This morning I sat quietly in the living room with my cup of coffee (my second, if you must know) I looked around at the damage done to my house by this latest round of startitis, and tried to figure out how to put it all back together. Startitis is an insidious disease, because it doesn’t just wreak havoc on your mind and time, but on your surroundings as well.  Out of nowhere came a storm last week, a wave that I saw coming.  The same way that a wave comes at you in the ocean, that’s how this one came, and just like in the ocean, trying to stand there in defiance of it failed miserably.  It was just bigger and stronger than I was, and it knocked me down, dragged me along the bottom of the sea, holding me under with the sound it makes – a scream that sounds like KNIT IT ALL.  I resisted, and that only made things worse.  It would have been over sooner if I’d given up and body surfed that thing into shore. If I’d have given up and just knit, it might not have gotten ugly.  I might have avoided the secondary infection I contracted that said YOU DON’T HAVE ENOUGH YARN MAKE SOME NOW.  I ended up with six new things cast on, and one lot of spinning on the wheel – but that’s not the mess of it.  The mess is the yarn pulled out of storage, examined, swatched and abandoned, along with whatever innocent bystanders I knocked to the floor in my haste.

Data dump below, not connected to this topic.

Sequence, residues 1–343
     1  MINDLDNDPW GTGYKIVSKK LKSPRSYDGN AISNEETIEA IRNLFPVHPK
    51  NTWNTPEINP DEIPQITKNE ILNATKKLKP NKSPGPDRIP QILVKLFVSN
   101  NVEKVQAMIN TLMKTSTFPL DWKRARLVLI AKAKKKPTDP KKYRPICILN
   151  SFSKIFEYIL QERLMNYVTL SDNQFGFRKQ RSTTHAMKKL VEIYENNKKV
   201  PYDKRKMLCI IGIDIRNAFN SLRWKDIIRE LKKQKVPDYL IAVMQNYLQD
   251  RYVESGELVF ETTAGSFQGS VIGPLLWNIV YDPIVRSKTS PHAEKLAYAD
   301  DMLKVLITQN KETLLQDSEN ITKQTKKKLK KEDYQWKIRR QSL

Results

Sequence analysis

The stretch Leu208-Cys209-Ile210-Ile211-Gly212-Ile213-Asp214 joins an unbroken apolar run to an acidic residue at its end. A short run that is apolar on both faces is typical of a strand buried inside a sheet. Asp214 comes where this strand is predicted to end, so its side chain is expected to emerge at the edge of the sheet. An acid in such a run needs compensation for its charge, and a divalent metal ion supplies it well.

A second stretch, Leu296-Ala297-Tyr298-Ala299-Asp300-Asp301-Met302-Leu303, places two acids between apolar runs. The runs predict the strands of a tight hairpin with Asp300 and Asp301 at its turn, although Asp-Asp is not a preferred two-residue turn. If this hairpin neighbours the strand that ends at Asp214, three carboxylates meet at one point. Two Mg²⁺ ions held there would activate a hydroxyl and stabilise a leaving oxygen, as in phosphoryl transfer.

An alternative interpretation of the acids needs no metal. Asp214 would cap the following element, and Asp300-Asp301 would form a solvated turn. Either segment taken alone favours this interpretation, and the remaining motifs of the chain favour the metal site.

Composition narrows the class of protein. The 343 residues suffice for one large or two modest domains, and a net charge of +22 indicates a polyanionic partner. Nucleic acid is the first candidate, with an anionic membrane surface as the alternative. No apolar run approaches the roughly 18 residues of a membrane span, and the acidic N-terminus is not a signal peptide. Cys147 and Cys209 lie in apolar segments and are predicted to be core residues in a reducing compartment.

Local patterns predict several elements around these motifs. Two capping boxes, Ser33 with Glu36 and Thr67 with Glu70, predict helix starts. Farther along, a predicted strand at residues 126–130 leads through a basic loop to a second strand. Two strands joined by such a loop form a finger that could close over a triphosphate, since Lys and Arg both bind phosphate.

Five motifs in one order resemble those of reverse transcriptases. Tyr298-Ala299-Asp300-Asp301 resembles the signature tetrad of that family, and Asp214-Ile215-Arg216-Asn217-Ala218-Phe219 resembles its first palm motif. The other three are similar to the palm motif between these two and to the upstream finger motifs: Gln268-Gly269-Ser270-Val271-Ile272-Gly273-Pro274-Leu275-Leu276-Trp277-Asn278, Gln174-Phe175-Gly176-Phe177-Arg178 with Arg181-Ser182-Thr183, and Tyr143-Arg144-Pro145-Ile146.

The stash room looks like someone sent a troupe of berserk monkeys with wool issues into it – and don’t get me started on what might, or might not have happened to the stash cupboard in my office when some lunatic decided to get out the carder, unpacked it and then abandoned the whole enterprise to root through the sock yarn bags like a boar after truffles.

There is a fleece in the kitchen that I dragged up here to start washing, sometime after midnight on Friday.  (Luckily, I succumbed to fatigue before I got started on that. I was able to see the folly of it after a good night’s sleep.)  I can’t even begin to tell you about the knitting books spilling over the living room floor, and on the dining room table… oh, and I’m stepping over a little mountain of them I piled by my desk. 

There are post-it’s with cryptic knitting plans written on them – one says "g5/1 co92, not stretch anti bobble."  I think that means that the gauge should be 5 stitches to the inch, you would cast on 92, and that I shouldn’t … Hell.  I don’t know.  I just hope that "not stretch anti bobble" doesn’t turn out to be a really important instruction that is totally obvious in two weeks.